|#1||0m 16s||0m 48s||1m 31s||1m 33s||0m 20s|
|#2||0m 17s||0m 48s||1m 24s||1m 30s||0m 18s|
|#3||0m 17s||0m 43s||1m 27s||1m 31s||0m 18s|
(16471 items – 264,8MB)
|#1||0m 15s||0m 27s||0m 28s||0m 37s||0m 29s|
|#2||0m 13s||0m 24s||0m 25s||0m 38s||0m 30s|
|#3||0m 13s||0m 25s||0m 26s||0m 38s||0m 30s|
Comparing the SFTP clients uploading and downloading a big file, delivered similar results compared to the test of the FTP clients with one exception.
Using SFTP, there was also almost no difference between four out of the five clients but this time the transfer times of the slowest client weren’t close to the results of the other four apps. We observed the exact opposite of that, Cyberduck needed up to 6 times longer than the other clients to perform the tasks of uploading and downloading the five GB file.
Even though the results of the other four clients were close to each other, when it came to the upload of the big file, Filezilla was in the lead compared to the other transfer clients. Filezilla was 38% faster than the other three clients.
This advantage disappeared when it came to the download of the big file: all four clients downloaded the big file in either 68 or 69 seconds.
When we take a look at the performance of the SFTP softwares when handling small files, we can see that the results vary.
ForkLift finished uploading, downloading and deleting the small files within 14 seconds in each test, meaning it was ahead of all the other SFTP clients in all three scenarios.
ForkLift finished the upload 1.43 times as fast as Yummy FTP, the second fastest client, 1.86 times as fast as Transmit, the third and 3.29 times as fast as Cyberduck, the fourth. FileZilla, the slowest SFTP app in the test, took 10.71 times as long to upload the files as ForkLift, meaning that it needed 150 seconds instead of 14.
When it came to the download of the 16471 small files, ForkLift was almost twice as fast as Yummy FTP, the second fastest and 3.5 times as fast as Transmit, the third fastest. ForkLift was more than 16 times as fast as FileZilla, the slowest tool.
ForkLift needed 14 seconds to delete all the small files and Transmit and Cyberduck, which shared the second place, needed 34 seconds each. That made ForkLift 2.43 times as fast as Transmit and Cyberduck. ForkLift was 3.5 times as fast as Cyberduck and 5.43 times as fast as FileZilla, which finished last.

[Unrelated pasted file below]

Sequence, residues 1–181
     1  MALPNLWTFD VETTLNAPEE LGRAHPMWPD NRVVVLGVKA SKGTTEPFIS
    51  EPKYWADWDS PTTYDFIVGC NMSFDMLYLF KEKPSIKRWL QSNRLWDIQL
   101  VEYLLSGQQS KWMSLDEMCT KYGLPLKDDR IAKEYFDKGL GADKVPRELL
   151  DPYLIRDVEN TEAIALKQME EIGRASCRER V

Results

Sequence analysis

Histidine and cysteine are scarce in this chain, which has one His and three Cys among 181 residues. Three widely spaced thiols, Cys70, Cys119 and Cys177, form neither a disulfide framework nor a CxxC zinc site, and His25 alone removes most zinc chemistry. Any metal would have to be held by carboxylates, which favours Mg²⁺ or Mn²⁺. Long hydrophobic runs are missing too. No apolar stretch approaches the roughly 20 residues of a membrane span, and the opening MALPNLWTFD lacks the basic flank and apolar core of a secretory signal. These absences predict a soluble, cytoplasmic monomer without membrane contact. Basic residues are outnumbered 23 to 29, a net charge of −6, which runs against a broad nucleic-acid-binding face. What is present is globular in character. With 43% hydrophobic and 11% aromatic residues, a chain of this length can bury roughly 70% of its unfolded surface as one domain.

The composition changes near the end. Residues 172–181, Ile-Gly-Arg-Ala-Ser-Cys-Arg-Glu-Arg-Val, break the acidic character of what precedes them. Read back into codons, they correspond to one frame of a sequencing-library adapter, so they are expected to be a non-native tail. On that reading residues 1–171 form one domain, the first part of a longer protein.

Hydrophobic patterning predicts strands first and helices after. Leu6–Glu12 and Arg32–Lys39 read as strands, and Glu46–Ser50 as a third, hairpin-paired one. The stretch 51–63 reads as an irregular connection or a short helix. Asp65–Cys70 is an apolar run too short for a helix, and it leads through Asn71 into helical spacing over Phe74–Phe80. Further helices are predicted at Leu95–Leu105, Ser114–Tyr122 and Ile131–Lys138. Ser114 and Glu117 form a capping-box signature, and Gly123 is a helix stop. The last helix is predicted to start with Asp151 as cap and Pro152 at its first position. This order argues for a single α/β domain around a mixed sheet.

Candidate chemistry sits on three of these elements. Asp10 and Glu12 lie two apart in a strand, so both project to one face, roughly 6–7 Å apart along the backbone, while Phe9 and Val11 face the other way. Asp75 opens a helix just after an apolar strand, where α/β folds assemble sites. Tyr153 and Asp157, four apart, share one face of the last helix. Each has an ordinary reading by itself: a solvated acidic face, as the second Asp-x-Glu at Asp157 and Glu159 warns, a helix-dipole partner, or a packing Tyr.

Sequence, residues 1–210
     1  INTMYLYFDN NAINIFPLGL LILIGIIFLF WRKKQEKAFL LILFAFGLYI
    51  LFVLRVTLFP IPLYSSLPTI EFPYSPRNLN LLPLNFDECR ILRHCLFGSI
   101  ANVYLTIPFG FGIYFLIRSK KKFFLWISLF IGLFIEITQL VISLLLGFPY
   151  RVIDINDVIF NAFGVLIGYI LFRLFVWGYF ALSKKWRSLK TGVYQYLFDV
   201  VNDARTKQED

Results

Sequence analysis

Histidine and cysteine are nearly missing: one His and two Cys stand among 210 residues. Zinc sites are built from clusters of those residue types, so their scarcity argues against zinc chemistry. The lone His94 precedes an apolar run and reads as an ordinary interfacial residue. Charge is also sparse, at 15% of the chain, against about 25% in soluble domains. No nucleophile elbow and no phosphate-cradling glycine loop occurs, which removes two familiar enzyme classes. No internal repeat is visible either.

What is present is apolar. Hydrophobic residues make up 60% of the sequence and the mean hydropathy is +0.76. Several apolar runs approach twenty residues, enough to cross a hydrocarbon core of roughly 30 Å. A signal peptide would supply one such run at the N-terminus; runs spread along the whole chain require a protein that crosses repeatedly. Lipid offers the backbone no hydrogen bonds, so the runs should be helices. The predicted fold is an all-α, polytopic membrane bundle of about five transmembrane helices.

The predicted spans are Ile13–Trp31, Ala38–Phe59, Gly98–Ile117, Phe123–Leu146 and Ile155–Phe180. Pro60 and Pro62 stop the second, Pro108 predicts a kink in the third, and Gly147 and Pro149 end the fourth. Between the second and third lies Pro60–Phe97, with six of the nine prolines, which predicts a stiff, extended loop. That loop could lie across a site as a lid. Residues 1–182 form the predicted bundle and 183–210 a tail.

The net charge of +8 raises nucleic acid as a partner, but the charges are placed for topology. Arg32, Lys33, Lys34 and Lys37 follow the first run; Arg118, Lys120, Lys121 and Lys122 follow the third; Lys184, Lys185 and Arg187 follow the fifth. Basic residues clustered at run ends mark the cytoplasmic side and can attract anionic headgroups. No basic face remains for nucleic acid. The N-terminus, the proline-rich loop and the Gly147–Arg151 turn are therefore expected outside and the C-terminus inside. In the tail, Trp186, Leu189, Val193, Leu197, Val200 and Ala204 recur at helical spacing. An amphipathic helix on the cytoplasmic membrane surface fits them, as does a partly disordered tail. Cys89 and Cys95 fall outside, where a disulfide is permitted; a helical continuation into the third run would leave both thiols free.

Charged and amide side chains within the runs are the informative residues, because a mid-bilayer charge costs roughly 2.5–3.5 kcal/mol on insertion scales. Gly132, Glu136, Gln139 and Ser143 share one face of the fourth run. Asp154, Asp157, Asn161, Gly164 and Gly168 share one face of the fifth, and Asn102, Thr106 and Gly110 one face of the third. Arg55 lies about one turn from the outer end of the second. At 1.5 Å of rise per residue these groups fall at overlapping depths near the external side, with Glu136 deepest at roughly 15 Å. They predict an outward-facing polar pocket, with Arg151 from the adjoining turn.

The clear winner of the SFTP client speed test was ForkLift, but we also have to point out that in some cases the absolute differences between the clients were very small. For example in the case of the upload of the small files, the relative difference between the fastest and the second fastest client was more than 40%, but the absolute difference was only 6 seconds. On the other hand, these smaller differences can add up quickly which becomes pretty obvious when we take a look at the combined execution times of the SFTP tools in our test.
|SFTP||ForkLift 3.2.3||Yummy FTP Pro 2.0.5||Transmit 5.1.4||FileZilla Pro 3.34.0||Cyberduck 6.6.2|
|Combined time||3m 8s||4m 0s||4m 14s||9m 38s||15m 5s|
|Comb. time ratio||1.00||1.28||1.35||3.07||4.81|
To perform the same tasks, Yummy FTP, the second, needed 1.28 times as much time as ForkLift, the fastest SFTP tool and in third place, Transmit needed 1.35 times as much as ForkLift. Compared to the second and third fastest SFTP tools ForkLift shortened a 4 minutes long task by almost 1 minute. Because of the poor results of Filezilla uploading the small files and the poor results of Cyberduck uploading the big file, these two clients placed fourth and fifth respectively in the SFTP Speed Test. Filezilla needed 3 times as long as ForkLift and Cyberduck almost 5 times as long as ForkLift to perform all five tasks.Show/Hide Table of SFTP Comparison
|File Operation||Test||ForkLift 3.2.3||Transmit 5.1.4||Cyberduck 6.6.2||FileZilla Pro 3.34.0||Yummy FTP Pro 2.0.5|
|#1||1m 17s||1m 17s||5m 54s||0m 56s||1m 19s|
|#2||1m 17s||1m 20s||6m 22s||0m 56s||1m 17s|
|#3||1m 18s||1m 19s||6m 11s||0m 57s||1m 18s|
|#1||1m 10s||1m 11s||6m 2s||1m 12s||1m 10s|
|#2||1m 9s||1m 8s||5m 56s||1m 9s||1m 8s|
|#3||1m 9s||1m 9s||5m 59s||1m 8s||1m 9s|
(16471 items – 264,8MB)
|#1||0m 15s||0m 27s||0m 47s||2m 31s||0m 20s|
|#2||0m 14s||0m 26s||0m 46s||2m 32s||0m 20s|
|#3||0m 15s||0m 26s||0m 47s||2m 30s||0m 21s|
(16471 items – 264,8MB)
|#1||0m 14s||0m 51s||2m 1s||3m 48s||0m 26s|
|#2||0m 15s||0m 49s||1m 55s||3m 49s||0m 28s|
|#3||0m 14s||0m 50s||1m 57s||3m 48s||0m 26s|
(16471 items – 264,8MB)
|#1||0m 14s||0m 34s||0m 35s||1m 19s||0m 49s|
|#2||0m 14s||0m 34s||0m 34s||1m 16s||0m 50s|
|#3||0m 14s||0m 35s||0m 35s||1m 17s||0m 49s|
As with the two previous protocols, using WebDAV HTTPS also delivered similar results when it comes to working with the big file.
Using WebDAV, ForkLift was the first to finish the upload of the 5 GB file, but Transmit and Filezilla were only 1 second slower, meaning there was no significant difference between them.
The same three clients (ForkLift, Transmit and Filezilla) were also the fastest to download the same file, needing the same amount of time (44 seconds) to finish. Cyberduck executed both tasks significantly slower, it needed more than double the time to finish.